THEY are some of the best authors from a classic period of Sussex writing and now their books have been brought back into the light by Petworth historian Peter Jerrome.
Eleven Sussex Books looks at authors writing during the last years of Queen Victoria up to 1939. In the words of Mr Jerrome: “Taking a particular book by each author with, where appropriate, a sidelong look at other works from the same hand.”
A number of the books featured formed part of Petworth photographer George Garland’s ‘Sussex’ collection.
“He left the books to me and I have always felt I owned it to him to do something about them,” Mr Jerrome told the Observer.
“I think all the authors have particular aspects of interest.
“Tickner Edwardes could be the one I like the best. But John Halsham is an absolutely classic Sussex author and the rector of Rusper was an extraordinary man. I don’t think any of these people should be forgotten.”
The authors range from Tickner Edwardes and his contrasting experience of nature and war to the forthright clergyman AA Evans.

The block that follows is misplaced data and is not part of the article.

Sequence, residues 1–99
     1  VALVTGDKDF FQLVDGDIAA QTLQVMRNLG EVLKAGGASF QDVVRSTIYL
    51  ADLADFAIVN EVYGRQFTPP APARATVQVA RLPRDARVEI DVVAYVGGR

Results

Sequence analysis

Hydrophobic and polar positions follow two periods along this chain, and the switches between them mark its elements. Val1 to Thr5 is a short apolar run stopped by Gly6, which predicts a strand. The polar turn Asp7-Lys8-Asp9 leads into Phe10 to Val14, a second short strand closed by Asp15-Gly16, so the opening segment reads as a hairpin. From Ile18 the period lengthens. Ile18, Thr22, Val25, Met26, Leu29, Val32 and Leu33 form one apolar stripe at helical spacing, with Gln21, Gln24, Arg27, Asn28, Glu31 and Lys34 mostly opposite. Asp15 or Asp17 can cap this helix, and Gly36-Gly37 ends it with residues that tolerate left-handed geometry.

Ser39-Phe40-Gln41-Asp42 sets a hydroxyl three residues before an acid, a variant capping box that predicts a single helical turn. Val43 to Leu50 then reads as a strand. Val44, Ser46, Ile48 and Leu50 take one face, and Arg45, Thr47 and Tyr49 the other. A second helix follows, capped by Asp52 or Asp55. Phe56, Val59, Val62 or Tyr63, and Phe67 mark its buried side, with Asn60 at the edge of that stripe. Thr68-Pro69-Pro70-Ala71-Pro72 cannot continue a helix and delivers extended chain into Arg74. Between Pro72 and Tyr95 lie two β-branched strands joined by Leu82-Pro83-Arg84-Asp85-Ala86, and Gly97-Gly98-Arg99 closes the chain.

There is Rhoda Leigh’s fragile vision of a vanishing rural Bedham and Edward Martin’s determination to ensure life in a derelict windmill.
Then there’s Russell Thorndike’s villainous and fictional Dr Syn and the harsh reality of Edward Synnott’s turbulent ministry at Rusper during the 1914-1918 war. There is the wit of another clergyman, John Coker Egerton, and the Quaker upbringing of Maude Robinson near Brighton.
The book also looks at John Halsham’s classic Idlehurst and Walter Wilkinson with his travelling puppet show who, said Mr Jerrome, ‘casts a quizzical 1930s view on a still half familiar world’.
Mr Jerrome has used George Garland’s photographs to illustrate Eleven Sussex Books.
It is designed and produced by Jonathan Newdick and limited to 100 individually numbered copies priced £15 each with £3 for postage and packing.
It is available direct from The Window Press, Trowels, Pound Street, Petworth or at the introductory talk to be given by Mr Jerrome at the Leconfield Hall on Wednesday, October 22 at 7.30pm.